A website and Instagram account – Not So Hospitable – addressing sexual harassment and sexual assault in Adelaide’s hospitality industry launched this week.
Less than 17 hours on, founder and hospitality worker Jamie Bucirde had received 56 testimonials from people – overwhelmingly women – who have experienced harassment or assault by co-workers, managers or employers. Two days on, that number had risen to 193.
“I’ve been thinking about this for a couple of months now and it’s been brewing in my mind,” Bucirde tells Broadsheet. “I’ve worked in hospitality for a really long time, I’ve seen [harassment] first-hand, I’ve experienced it. I’m very aware of how prevalent it is.
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“But a lot of people don’t know where to go or how to report it. And a lot of reports, if they’ve been made, are getting brushed under the rug.”
Testimonials can be submitted via the website, and you can remain anonymous. The objective is to collect stories – from people of all genders – to highlight the prevalence of sexual harassment and assault in the local hospitality industry. And to discuss solutions.
“The same names keep popping up,” says Bucirde. “And that’s the issue. You could name the top five people who keep getting away with this. And it’s the top end down. Because if it’s not the venue owners or employers, it’s the managers.”
Bucirde, who is also studying sexology at university (“My drive is to get into the consent and education space”), ultimately wants to open a dialogue with local government bodies to create change.
“The point is to stimulate conversation within our community, spark a bit of change, and start talking about what the solutions are,” she says. “Because at the end of the day, hospitality is really under-resourced, especially during Covid. There’s a lot of pressure put on the venue specifically to deal with [sexual assault], and most of these [operators] are out of their depth. They actually don’t know what to do themselves.
“There’s a union already, and there’s Fair Work SA, which covers homophobia or racial slurs, and it does cover sexual assault too, but I think there needs to be a separate body specially for this because it’s so prevalent … And it’s not getting better. It’s the highest it’s ever been.”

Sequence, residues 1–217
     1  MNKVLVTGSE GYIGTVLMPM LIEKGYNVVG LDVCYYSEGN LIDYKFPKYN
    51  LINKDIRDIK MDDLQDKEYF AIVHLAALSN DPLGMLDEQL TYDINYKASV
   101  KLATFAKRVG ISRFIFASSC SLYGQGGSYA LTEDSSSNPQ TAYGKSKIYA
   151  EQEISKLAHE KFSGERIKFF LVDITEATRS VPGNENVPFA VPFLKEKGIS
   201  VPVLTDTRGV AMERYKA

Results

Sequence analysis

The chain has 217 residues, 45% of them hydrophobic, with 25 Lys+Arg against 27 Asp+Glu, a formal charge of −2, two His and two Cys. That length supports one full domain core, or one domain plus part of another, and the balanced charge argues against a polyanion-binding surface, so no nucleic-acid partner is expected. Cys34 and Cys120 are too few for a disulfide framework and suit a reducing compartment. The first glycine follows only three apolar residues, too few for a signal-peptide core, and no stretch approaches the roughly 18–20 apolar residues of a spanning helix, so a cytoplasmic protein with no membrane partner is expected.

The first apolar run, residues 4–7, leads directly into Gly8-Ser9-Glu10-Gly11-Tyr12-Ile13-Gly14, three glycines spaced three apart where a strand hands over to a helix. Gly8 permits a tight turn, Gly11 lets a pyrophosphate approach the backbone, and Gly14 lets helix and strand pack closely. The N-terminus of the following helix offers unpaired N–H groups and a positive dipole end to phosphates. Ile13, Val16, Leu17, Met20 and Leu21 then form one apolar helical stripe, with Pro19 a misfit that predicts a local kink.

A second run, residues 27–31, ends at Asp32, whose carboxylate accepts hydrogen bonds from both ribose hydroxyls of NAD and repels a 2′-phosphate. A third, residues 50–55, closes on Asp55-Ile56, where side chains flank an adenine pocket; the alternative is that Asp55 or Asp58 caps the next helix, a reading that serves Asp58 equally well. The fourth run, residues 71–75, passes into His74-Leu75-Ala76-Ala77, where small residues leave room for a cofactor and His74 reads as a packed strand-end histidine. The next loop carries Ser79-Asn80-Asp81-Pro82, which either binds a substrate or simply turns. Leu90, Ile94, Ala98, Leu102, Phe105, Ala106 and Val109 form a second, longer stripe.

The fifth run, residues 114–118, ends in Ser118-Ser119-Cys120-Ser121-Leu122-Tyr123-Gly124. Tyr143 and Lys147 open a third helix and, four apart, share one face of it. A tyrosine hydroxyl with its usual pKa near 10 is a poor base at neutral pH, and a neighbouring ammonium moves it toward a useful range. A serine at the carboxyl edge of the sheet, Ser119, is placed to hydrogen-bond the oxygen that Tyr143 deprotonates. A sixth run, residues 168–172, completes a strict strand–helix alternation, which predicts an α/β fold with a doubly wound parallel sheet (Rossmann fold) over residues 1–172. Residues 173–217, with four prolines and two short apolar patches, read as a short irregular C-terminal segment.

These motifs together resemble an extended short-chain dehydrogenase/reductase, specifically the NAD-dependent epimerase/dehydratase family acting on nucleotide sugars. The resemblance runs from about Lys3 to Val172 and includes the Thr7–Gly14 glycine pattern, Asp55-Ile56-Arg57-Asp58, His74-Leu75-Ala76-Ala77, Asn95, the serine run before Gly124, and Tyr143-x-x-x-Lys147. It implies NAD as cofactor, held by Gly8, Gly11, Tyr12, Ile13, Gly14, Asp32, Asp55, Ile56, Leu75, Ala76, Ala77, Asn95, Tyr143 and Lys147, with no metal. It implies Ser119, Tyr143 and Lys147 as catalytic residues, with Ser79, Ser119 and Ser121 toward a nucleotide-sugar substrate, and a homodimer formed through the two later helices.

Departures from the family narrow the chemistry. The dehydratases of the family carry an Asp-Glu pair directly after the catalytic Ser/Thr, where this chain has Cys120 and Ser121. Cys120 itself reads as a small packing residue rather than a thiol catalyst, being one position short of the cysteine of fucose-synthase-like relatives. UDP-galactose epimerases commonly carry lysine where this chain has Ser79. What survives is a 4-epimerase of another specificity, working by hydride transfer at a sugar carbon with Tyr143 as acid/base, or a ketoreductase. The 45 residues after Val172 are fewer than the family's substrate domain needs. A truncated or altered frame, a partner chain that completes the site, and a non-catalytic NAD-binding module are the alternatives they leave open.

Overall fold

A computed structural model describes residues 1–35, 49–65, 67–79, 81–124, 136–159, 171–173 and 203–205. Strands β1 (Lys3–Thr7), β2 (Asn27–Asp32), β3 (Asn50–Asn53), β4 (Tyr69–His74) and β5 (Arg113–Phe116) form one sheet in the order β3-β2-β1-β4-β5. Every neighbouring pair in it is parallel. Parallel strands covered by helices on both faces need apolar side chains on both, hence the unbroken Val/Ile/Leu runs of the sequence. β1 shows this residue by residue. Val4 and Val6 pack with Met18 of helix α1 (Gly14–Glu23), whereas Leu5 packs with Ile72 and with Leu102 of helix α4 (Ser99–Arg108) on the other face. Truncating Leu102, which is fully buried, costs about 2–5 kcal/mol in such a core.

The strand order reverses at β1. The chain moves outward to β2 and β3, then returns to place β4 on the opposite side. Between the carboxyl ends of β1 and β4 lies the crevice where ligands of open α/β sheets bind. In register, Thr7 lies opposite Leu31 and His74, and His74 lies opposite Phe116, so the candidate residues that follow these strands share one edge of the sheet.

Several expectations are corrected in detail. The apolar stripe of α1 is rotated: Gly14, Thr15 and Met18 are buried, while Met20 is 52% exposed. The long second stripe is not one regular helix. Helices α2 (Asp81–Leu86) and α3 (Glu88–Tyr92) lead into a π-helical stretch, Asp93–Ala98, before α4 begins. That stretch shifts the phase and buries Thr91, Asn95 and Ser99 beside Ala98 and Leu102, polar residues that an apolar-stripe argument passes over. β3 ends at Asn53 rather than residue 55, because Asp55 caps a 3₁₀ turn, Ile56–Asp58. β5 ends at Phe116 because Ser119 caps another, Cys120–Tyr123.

The number of sexual assault victims recorded by Australian police increased 13 per cent in 2021, the 10th annual rise in a row, according to the bureau of statistics.
“Another thing is how do you mediate and monitor an industry that has so many facets?” Bucirde continues. “Because hospitality is bars, restaurants, clubs, festivals, cafes … There are so many different areas where this is happening.”
The answer, according to Bucirde, involves direct government intervention. “It comes with legislation, it comes with mandated training. Venues shouldn’t be able to operate without having mandated trainings on sexual assault and how to report [it] … it should be as prioritised as Covid training.”
Venues also need to be given tools to help deal with the problem. “There needs to be some kind of body funded by the government that goes to these venues and teaches people how to identify toxic workplace culture, how to identity sexual assault and harassment, what coercion is,” she says. “There needs to be an educational platform, instead of just finger-pointing and blaming.”
If you would like to speak with someone about an experience you have had, or would like information, please call 1800Respect on 1800 737 732 or visit 1800respect.org.au. Not So Hospitable has also listed a number of local resources on its website.
This article was updated on August 18, 2022 to reflect the current number of testimonials.